Filip Hrgovic’s attempt at intimidating Daniel Dubois with his fast start failed to cause him to break last Saturday night in their heavyweight match-up in Riyadh.

The strategy worked against the 31-year-old Hrgovic (17-1, 14 KOs) because Dubois (21-2, 20 KOs) matched his aggression and met him with resistance that he wasn’t expecting.

Dubois, 26, used his superior conditioning and power to wear down Hrgovic, cutting him over both eyes to force a doctor’s stoppage in the eighth round.

By that point in the fight, Hrgovic was bleeding and exhausted from the fast pace. It looked like Hrgovic had trained for this kind of grueling shootout requiring him to absorb punishment and battle hard for three minutes of every round.

Going into the fight, the oddsmakers had the IBF mandatory challenger Hrgovic as the favorite, and a lot of boxing fans expected Dubois to either mentally quit like he’d done twice before or get knocked out by one of the big shots from the 6’5′ Hrgovic.

Hrgovic’s Intimidation Strategy Backfires

“When you put all those eggs in one basket like, ‘I’m going to be able to intimidate him, and he’s going to fold to my mental and physical presence,’” said boxing expert Paulie Malignaggi to Probox TV, talking about how Filip Hrgovic attempted to put the scare in Daniel Dubois last Saturday night in Riyadh, but then crumbled when he failed to fold mentally in their 5 vs. 5 competition.

Hrgovic had boasted about himself in the run-up to the fight, seeming cocky to the point where he came across like Dubois was going to be an easy victory for him. During his interviews, he had a look in his eyes like he knew he was going to win, and be the next opponent for Anthony Joshua to fight in September at Wembley.

“When you put all those eggs in that basket, and it doesn’t happen, you suddenly find yourself in a resistance you weren’t expecting,” said Malignaggi. “You always have to be ready for resistance, and I’m not sure Hrgovic was ready for that resistance he got back from Dubois.”

Hrgovic was almost dismissive of Dubois, and he clearly didn’t view him as being on the same level as him. Dubois didn’t like his attitude, and you could tell in the final press conference that he couldn’t wait to get in the ring to prove him and his doubters wrong. He had little to say when it was his time to speak and cut his remarks short.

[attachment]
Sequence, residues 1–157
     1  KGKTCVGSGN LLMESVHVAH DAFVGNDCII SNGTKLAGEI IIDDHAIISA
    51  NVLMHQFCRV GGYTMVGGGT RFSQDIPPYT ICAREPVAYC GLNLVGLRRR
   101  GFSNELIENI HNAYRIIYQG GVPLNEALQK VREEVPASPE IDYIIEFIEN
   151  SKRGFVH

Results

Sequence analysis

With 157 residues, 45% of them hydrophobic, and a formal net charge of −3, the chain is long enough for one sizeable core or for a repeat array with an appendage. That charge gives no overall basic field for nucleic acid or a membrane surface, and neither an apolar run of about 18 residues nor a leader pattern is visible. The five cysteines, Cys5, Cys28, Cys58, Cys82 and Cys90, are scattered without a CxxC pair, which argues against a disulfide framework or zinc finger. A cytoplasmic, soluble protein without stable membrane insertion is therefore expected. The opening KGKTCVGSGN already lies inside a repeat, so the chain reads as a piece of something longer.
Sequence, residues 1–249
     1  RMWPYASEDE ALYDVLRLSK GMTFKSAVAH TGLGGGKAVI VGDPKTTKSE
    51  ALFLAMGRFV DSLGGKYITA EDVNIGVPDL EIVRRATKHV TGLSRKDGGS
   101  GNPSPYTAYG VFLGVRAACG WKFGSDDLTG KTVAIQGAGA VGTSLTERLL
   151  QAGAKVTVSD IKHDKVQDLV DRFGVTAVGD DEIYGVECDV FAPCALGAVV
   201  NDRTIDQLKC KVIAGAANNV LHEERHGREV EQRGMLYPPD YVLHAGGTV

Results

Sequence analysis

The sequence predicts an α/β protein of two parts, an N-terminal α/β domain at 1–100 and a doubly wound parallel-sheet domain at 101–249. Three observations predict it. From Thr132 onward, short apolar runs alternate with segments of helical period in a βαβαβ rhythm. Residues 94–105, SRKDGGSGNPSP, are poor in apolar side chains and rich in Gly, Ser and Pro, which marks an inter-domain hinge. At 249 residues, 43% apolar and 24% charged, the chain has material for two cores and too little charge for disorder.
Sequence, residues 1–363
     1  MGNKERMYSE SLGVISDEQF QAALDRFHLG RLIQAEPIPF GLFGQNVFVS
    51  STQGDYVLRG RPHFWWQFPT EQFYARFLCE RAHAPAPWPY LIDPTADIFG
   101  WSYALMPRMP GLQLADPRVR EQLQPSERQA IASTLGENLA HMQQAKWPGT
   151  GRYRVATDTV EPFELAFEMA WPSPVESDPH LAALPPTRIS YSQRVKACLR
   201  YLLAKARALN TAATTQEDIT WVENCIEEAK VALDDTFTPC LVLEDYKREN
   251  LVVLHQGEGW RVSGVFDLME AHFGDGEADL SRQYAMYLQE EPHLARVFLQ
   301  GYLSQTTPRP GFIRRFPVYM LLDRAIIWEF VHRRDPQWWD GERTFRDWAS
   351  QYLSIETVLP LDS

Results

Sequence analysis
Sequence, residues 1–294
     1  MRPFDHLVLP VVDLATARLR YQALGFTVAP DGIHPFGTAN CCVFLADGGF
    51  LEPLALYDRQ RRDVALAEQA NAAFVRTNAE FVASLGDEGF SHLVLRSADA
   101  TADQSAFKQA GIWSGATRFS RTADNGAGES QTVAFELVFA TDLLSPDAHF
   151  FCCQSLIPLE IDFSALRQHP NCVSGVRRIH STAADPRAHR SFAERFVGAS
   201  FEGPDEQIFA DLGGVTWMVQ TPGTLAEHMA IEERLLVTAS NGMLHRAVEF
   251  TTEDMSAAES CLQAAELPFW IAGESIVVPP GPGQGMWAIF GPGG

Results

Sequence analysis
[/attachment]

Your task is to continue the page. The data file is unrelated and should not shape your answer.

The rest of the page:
The Fight’s Unexpected Turn

“The beginning of the fight was rather exciting. They both landed big shots. Hrgovic landed some good right hands,” said Malignaggi. “Dubois landed some good right hands and hooks, too. It looked like they were really going at it. You were like, ‘Someone is going down here,’ and then all of a sudden, Hrgovic, it seemed like everything drained out of him.”

At the beginning of the fight, it looked like Hrgovic was going to knock out Dubois because he was landing some vicious right hands that were harder than the shots that he’d been hit with in his losses to Joe Joyce and Oleksandr Usyk. But Dubois wouldn’t fold this time, and he kept firing back. Hrgovic looked uneasy from the pressure that Dubois was putting on him, and he knew that he’d bitten off more than he could chew this time.

There was one instance in the fourth round where Hrgovic nailed Dubois, right a right hand, but he fired a right-hand counter a faction of a second after being hit. It caught Hrgovic by surprise, and he snapped his head back hard as the round ended. This was the beginning of the end for Hrgovic because they suddenly lost energy, looking fatigued and rubbery-legged.

“‘Oh, this guy is still here, and I’m wearing out.’ It’s almost like he didn’t expect to have to be there once he hit him with a few right hands, and now you are not mentally prepared for that kind of resistance,” said Malignaggi. “It’s tough to suddenly prepare for it in the moment when you’re already inside the ring there.

“It’s good to see a doctor that actually does stop the fight when he’s supposed to. Two bad cuts for [Hrgovic],” said Malignaggi.

“He didn’t complain about the stoppage at all; that tells you a lot about where he was,’ said Chris Algieri about Hrgovic.

When the referee stopped the fight in the eighth, Hrgovic knew that he was in trouble because Dubois had hammered him in that round, especially in the seventh. He was in bad trouble in round seven, and it was surprising that he made it out without getting dropped.

The Crumbling of Confidence

“Even his body language was kind of poor a round or round and a half before that, too,” said Malignaggi about Hrgovic. “He was like, ‘I can’t really do anything here.’ Talk about the confidence. He didn’t look confident anymore. The last round and a half, he was kind of moseying around the ring, and Dubois was stalking him and had the confident body language.

Hrgovic was done from the sixth round, and he was offering up little by that point in the fight. His work rate dropped to next to nothing, and there was no power on his shots. In contrast, Dubpois looked gleeful, hitting Hrgovic at will with shots and hammering him against the ropes.

“It was a really impressive win for Dubois from the physical standpoint and from a mental standpoint,” said Malignaggi.

No one expected Dubois to be the mentally stronger fighter than Hrgovic in this fight because the Croatian fighter had seemed so confident during the promotion. His promoter, Eddie Hearn, seemed to believe as well that the victory was in the bag, and I think he may not have realized that he’d picked the wrong guy for his fighter.

I had watched how Hrgovic had struggled in his fights against Demsey McKean and Zhilei Zhang, and knew that he wasn’t as good as he and others thought he was. He also didn’t look in great shape for this fight.

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